Globalisation is not very popular these days. It is supposedly responsible for a great many of the problems the rich world economies are facing. Most importantly, it apparently destroys jobs in the Western countries to transfer them to emerging powers. In the buoyant market of photonics, however, I do think that globalisation is an opportunity.
Fibre optics are being placed on a pedestal by the telecoms companies with the likes of Virgin Media in the UK using tag lines such as ‘it’s fast, it’s fibre optic’ to advertise its broadband wares.
But away from the attention of the telecoms industry, fibre optics are quietly helping a range of industries and applications, with companies realising that there is more to optical fibres than speedy broadband; increasingly bespoke fibre technology is being used in military applications, science labs and even dental surgeries.
If you use optics in any way, then the chances are there will be an optical sensor involved. From photodiodes and phototransistors to photon counting devices, and from infrared through to UV detectors, there is a sensor suited to most optical applications that you care to name.
Micromachining is one of the fastest-growing industrial applications for lasers. Initially adopted as a more agile and rapid alternative to conventional technologies, laser micromachining is increasingly central to production of the next-generation of today’s fastest-growing new technologies, such as solar cells and biotech lab on a chip’ devices.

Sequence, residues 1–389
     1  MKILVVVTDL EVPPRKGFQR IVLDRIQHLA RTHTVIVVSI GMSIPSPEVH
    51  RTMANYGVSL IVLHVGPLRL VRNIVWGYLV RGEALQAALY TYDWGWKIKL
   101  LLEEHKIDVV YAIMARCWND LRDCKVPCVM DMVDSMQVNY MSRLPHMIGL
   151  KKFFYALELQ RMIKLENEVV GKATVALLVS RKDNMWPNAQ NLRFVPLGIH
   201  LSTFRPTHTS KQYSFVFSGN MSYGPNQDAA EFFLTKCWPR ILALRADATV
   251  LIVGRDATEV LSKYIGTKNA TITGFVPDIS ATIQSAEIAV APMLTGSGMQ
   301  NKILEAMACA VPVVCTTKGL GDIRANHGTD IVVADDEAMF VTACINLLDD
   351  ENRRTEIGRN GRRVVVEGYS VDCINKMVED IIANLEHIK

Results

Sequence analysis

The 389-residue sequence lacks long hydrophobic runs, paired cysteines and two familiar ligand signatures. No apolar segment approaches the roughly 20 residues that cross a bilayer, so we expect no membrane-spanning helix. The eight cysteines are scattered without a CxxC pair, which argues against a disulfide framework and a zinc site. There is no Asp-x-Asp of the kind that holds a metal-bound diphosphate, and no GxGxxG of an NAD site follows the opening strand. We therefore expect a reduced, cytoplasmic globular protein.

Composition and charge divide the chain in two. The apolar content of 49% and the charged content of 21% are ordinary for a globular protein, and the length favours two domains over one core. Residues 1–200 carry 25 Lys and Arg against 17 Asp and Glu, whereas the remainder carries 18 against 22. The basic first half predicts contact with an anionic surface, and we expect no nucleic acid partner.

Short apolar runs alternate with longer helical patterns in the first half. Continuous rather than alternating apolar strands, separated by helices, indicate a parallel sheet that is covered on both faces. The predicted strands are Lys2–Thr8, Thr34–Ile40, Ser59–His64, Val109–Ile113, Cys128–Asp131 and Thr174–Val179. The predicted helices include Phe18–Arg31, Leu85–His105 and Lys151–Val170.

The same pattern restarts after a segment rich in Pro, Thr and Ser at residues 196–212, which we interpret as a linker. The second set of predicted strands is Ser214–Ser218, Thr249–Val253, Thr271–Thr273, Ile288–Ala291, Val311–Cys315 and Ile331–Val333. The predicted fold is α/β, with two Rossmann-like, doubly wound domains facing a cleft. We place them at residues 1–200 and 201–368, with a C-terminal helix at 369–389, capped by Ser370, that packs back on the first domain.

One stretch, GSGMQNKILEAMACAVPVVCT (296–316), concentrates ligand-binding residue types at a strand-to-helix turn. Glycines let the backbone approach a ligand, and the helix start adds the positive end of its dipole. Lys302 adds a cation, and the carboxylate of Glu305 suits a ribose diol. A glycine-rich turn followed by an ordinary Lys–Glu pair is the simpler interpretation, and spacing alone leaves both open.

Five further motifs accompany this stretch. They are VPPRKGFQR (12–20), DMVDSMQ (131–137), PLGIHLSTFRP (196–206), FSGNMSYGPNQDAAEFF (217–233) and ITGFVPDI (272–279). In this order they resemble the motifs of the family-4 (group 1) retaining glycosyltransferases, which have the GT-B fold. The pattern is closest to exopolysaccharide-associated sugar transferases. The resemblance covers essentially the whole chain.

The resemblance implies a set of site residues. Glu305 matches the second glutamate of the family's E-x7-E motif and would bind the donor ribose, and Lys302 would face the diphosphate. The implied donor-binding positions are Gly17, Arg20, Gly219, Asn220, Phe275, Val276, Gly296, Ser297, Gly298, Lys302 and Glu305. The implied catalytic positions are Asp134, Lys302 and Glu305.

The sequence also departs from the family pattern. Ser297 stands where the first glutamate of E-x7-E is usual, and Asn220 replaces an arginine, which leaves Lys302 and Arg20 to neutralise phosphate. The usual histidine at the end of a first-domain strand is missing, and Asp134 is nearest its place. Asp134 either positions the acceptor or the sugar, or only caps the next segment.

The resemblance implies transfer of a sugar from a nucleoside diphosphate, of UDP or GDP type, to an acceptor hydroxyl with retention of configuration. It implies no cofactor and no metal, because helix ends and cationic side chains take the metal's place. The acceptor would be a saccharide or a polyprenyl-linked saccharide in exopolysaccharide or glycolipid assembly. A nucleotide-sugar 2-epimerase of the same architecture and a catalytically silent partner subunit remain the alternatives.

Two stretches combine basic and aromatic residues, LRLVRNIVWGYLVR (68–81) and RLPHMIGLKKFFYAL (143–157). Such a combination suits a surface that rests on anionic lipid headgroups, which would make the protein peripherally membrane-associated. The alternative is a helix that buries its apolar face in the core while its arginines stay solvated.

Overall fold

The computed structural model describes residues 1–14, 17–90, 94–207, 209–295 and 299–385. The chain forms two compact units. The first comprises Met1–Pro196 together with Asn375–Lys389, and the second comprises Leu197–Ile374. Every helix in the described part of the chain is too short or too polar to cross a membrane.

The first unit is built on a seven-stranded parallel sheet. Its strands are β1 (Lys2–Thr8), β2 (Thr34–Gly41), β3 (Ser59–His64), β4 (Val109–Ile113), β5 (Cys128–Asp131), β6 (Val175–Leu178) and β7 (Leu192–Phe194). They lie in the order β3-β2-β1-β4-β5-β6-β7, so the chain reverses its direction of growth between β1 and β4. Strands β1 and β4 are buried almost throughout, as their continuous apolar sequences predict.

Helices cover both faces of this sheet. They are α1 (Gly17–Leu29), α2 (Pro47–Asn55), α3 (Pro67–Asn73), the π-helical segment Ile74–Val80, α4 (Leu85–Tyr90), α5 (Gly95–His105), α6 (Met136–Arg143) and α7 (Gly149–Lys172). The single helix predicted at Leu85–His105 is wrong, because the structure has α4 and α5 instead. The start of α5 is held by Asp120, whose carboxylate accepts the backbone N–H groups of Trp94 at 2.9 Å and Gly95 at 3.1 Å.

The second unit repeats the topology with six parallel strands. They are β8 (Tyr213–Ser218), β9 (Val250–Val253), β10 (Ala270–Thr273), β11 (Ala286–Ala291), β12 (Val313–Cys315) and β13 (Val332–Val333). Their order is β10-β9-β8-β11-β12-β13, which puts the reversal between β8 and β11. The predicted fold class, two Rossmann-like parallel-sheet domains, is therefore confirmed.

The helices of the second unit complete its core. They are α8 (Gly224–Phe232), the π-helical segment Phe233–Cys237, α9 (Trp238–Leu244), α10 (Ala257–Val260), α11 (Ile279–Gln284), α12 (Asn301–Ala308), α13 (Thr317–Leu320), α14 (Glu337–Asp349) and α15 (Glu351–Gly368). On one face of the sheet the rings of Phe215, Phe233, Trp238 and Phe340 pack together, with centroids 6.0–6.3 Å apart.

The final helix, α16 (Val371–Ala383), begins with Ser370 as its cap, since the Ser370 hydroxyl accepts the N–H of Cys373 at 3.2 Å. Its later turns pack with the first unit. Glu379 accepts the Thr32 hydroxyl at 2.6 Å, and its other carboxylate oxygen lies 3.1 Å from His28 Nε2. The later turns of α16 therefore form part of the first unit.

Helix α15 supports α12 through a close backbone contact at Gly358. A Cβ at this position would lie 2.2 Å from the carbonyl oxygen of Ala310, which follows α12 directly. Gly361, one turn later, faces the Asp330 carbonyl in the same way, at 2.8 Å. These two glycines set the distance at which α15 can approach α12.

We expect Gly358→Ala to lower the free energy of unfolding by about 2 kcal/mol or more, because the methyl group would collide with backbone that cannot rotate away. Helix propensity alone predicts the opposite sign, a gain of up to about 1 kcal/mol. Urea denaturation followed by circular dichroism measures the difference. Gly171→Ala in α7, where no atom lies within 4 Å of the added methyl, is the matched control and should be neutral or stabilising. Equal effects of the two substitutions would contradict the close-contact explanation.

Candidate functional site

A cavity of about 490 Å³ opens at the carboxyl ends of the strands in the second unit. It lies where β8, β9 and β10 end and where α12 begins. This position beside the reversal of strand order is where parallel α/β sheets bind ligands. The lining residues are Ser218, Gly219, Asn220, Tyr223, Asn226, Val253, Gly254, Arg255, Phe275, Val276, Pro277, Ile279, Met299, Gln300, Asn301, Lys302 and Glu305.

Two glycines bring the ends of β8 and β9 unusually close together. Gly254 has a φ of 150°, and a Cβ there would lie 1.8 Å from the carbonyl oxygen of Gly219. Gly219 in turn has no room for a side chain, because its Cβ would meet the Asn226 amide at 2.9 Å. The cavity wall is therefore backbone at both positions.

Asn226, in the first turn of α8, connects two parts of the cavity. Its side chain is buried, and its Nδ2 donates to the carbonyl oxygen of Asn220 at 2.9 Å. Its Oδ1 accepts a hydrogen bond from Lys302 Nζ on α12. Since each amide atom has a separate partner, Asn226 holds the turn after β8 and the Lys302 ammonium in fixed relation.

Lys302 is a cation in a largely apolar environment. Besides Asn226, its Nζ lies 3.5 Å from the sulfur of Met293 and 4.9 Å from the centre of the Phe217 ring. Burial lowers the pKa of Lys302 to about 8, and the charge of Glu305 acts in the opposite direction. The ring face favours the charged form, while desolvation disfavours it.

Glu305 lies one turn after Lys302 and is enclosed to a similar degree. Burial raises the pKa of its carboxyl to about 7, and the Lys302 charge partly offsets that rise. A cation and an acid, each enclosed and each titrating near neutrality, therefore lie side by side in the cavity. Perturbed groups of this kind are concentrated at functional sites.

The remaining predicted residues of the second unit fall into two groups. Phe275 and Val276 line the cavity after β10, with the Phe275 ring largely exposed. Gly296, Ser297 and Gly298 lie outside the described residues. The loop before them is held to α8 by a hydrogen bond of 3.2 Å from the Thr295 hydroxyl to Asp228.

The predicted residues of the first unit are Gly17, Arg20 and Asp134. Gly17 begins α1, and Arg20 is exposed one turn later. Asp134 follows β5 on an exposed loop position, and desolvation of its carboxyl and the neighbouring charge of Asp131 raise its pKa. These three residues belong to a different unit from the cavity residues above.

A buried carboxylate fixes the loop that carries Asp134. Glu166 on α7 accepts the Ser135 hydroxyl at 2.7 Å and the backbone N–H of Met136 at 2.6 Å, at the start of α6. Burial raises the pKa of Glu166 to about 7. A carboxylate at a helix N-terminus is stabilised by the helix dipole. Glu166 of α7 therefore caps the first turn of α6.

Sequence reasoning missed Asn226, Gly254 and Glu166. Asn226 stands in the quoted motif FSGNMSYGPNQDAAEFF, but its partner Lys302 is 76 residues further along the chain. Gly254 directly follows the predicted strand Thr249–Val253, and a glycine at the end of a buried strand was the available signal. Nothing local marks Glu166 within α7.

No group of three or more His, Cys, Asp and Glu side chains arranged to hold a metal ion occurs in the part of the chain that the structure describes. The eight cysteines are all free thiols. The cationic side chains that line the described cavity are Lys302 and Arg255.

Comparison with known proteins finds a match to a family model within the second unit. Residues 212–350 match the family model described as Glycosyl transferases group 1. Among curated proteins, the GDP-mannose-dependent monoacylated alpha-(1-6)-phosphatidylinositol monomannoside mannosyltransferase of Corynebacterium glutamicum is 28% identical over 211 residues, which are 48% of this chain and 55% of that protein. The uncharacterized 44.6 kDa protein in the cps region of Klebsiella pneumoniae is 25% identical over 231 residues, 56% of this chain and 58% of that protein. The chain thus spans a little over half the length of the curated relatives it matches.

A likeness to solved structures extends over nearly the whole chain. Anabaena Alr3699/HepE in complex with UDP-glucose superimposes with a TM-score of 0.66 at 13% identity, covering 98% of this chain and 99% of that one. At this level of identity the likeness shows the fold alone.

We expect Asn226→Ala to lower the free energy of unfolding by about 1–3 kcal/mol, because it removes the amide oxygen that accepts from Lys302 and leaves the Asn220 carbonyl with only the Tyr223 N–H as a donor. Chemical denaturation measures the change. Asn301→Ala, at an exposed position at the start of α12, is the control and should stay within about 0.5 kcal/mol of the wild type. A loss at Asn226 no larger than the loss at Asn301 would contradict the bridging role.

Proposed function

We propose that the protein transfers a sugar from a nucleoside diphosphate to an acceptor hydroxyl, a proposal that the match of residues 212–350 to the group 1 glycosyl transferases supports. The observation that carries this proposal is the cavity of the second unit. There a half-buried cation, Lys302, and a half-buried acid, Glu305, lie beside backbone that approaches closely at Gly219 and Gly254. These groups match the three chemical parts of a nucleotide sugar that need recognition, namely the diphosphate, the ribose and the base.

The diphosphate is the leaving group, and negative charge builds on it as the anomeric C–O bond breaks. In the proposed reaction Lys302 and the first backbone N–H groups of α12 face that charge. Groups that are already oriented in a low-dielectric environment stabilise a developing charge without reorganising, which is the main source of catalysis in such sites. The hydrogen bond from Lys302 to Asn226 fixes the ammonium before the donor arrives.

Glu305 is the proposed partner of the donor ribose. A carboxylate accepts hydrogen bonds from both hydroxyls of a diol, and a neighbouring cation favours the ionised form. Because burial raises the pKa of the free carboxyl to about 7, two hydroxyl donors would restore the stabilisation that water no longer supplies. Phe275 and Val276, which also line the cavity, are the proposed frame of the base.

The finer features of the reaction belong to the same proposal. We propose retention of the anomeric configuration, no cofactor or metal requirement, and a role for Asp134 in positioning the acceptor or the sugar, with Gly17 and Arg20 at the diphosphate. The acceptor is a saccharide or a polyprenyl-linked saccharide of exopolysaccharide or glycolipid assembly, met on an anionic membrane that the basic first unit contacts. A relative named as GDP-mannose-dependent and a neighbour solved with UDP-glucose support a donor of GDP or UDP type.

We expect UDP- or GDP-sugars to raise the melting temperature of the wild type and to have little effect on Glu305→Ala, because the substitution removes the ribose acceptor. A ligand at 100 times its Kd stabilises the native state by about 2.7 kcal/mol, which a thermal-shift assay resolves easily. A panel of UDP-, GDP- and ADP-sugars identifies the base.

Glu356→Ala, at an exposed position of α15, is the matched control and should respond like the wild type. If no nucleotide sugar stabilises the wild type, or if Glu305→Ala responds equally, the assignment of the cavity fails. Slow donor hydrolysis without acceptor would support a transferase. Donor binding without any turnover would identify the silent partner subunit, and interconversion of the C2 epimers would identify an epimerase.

The concept of sharing knowledge and co-operating with other companies operating in the same field may be alien to some, but in emerging technology fields collaboration is essential to ongoing development. Photonics clusters, which exist in various forms worldwide, represent our own industry’s efforts at open co-operation among suppliers, governmental representatives and users of lasers.
It was not long ago that rumours were circulating that GSI was pulling out of the laser business. It had sold off a couple of laser product lines and it looked as if it was going to concentrate on its scanning business and the semiconductor industry.
By John Roush, President, PerkinElmer Optoelectronics